Changes to the AML/CFT Act

On 7 Nov 2022, the Ministry of Justice (MOJ) released their Report (the Report) on the Review of the Anti-Money Laundering and Countering Financing of Terrorism Act 2009 (the Act). 

The Report identifies that the AML/CFT regime has not been applied with a sufficiently risk-based approach, with some requirements framed in an overly-prescriptive way and others lacking sufficient guidance for reporting entities. The consequence of this is that efforts by agencies and reporting entities are not always being prioritised towards areas of highest risk. 

The Report provides important commentary on the effectiveness of the AML/CFT regime so far and the cost of compliance, and makes 215 recommended changes to the Act and supporting material to bring our regime in line with global standards.   

SHIFT principal consultant Sean Condon shares his insights on what to expect as the MOJ recommendations are implemented over the coming years.

When and how will changes to the AML/CFT Act be implemented?

Recommendations from the Report will be rolled out in stages over a long period of time. Timing will depend on whether implementation requires:  

  1. a legislative change;
  2. a regulatory change (after further consultation); or  
  3. the issuing of a code of practice / Ministerial exemption / guidance.  

At the Police FIU conference (8-9 Nov 2022) the MOJ suggested that the exposure draft for short-term regulatory changes would be published as soon as this month (Dec 22) with a short consultation period to follow. The discussion document for legislative changes can be expected by May 2023; we look forward to providing further insights on this next year.

The most likely items to be addressed in the first tranche of proposed AML/CFT changes include:

  • Address verification; relaxing the obligation on reporting entities to verify the address of most customers (excluding only those where enhanced Customer Due Diligence (CDD) is required).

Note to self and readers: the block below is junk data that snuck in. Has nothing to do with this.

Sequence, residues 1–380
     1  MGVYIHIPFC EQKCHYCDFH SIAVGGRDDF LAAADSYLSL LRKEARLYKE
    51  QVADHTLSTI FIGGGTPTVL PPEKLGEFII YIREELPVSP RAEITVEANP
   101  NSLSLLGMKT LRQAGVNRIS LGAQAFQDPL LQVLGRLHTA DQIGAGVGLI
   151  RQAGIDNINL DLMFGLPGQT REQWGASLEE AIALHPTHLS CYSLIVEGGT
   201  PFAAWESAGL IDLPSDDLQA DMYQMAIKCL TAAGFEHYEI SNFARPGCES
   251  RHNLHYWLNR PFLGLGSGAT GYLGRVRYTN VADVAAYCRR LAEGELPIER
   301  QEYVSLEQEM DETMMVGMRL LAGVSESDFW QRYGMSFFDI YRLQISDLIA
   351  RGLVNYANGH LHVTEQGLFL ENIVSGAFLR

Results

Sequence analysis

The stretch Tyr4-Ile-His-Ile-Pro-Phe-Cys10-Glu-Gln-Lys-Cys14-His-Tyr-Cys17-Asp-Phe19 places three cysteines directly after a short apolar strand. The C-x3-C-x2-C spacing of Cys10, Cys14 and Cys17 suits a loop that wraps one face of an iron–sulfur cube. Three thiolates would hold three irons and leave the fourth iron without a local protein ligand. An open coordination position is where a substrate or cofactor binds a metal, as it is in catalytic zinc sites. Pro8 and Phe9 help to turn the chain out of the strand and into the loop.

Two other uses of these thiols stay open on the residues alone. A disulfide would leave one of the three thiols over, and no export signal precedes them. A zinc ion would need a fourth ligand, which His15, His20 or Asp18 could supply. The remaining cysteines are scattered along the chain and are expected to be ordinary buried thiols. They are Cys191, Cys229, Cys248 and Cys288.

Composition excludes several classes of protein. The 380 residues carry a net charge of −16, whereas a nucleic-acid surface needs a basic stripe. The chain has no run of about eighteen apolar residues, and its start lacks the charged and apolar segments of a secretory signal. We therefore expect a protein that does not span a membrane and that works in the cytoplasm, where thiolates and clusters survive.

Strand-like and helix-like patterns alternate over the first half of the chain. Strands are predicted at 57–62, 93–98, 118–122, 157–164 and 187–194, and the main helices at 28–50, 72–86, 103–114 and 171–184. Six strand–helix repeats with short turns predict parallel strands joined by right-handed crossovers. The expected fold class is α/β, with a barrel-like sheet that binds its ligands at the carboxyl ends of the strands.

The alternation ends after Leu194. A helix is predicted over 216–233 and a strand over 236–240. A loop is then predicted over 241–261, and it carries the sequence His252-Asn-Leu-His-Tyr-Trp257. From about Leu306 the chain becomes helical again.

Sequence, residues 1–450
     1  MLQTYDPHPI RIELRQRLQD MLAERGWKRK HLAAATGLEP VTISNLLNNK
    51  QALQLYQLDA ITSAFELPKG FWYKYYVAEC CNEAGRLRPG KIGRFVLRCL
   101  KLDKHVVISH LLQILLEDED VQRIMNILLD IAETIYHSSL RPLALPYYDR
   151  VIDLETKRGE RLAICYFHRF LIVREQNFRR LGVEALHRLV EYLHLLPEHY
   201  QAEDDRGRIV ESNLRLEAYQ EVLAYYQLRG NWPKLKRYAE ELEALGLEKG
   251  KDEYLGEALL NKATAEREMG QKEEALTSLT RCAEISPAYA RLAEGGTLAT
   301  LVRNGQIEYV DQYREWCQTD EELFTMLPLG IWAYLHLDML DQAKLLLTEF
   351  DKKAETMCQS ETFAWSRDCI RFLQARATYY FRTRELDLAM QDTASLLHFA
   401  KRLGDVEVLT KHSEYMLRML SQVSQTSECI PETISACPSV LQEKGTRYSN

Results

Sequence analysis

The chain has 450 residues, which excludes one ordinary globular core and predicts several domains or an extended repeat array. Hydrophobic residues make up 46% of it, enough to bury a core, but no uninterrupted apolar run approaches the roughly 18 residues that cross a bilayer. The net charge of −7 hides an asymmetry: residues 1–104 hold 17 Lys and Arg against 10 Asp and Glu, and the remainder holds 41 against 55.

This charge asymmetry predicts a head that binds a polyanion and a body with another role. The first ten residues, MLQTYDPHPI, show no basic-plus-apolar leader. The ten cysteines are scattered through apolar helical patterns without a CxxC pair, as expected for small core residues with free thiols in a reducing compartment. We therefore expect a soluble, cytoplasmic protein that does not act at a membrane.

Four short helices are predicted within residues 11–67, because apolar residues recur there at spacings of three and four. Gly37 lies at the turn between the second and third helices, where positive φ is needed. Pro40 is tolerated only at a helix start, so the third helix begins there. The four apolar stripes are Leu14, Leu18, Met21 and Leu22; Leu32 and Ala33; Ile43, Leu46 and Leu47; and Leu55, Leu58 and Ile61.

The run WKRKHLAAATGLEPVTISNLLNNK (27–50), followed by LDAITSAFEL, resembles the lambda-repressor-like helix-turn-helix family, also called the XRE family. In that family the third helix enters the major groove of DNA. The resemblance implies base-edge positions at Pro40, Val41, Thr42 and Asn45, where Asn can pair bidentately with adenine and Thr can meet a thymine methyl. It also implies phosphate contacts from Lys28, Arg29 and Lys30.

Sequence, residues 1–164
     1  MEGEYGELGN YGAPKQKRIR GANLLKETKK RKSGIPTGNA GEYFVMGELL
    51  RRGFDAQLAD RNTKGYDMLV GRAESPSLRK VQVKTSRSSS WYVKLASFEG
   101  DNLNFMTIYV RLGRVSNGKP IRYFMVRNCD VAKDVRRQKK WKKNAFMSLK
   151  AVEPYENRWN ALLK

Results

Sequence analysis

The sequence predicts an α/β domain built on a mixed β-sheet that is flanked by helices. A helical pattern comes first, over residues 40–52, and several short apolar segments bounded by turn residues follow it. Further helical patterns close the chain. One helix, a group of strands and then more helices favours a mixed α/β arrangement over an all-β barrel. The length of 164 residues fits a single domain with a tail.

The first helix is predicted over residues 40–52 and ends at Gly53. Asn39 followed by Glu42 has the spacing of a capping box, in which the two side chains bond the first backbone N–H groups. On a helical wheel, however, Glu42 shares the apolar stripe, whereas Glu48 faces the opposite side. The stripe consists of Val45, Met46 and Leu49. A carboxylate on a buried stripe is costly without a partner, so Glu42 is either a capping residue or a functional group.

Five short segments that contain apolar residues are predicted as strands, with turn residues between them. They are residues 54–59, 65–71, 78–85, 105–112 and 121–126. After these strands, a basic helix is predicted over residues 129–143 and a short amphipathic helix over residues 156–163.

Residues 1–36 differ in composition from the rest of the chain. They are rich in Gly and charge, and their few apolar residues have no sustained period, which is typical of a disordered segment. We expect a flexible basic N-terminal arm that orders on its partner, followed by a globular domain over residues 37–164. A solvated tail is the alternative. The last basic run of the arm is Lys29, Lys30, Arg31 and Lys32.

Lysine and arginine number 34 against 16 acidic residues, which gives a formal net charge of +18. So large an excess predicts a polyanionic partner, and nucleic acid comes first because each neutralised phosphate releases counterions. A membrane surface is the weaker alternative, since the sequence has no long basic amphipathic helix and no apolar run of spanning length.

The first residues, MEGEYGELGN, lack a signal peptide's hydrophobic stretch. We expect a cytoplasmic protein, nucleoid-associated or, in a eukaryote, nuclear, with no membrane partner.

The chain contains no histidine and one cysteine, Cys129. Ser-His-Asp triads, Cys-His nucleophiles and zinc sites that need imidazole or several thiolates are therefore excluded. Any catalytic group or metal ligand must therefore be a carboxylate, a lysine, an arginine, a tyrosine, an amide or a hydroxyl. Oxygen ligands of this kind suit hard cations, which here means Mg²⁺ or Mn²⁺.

• Trusts; removing the blanket requirement for enhanced CDD for trusts and moving to a more risk-based model.  
  • Beneficial Ownership; clarifying the beneficial owner definition to make clear that it includes a person with “ultimate ownership or control”. This would mean that a person on whose behalf a transaction is conducted meets the criteria for beneficial owner only in circumstances where they exercise indirect ownership or control of a customer. This may mean the end of the managing intermediaries’ exemption. 

Other notable AML/CFT recommendations from the MOJ:

  • Identity Verification Code of Practice; updates to reflect the Digital Identity Trust Services Framework (once enacted). The explanatory note will also be updated.  
  • Politically Exposed Persons (PEP); expanding the requirements to include domestic PEPs (although with lesser requirements).  
  • Licensing; recommending that some entities be licensed for AML/CFT – specifically those not required to be licensed under other legislation (including remitters and trust and company service providers). 
  • Auditor oversight; creation of some sort of regulatory oversight for AML/CFT auditors and agents and a registration process for all reporting entities. 
  • Infringement notices; if entities are late with their annual AML/CFT reports, their supervisors may have the power to distribute penalties in the future.  
  • Sanctions; use of the Act to support implementation of Sanctions. 
  • Source of Wealth / Funds; reporting entities would need to define the circumstances in which they obtain and verify source of wealth and/or funds in accordance with their risks. 

If you’d like to learn more about the changes to the AML/CFT Act get in touch with us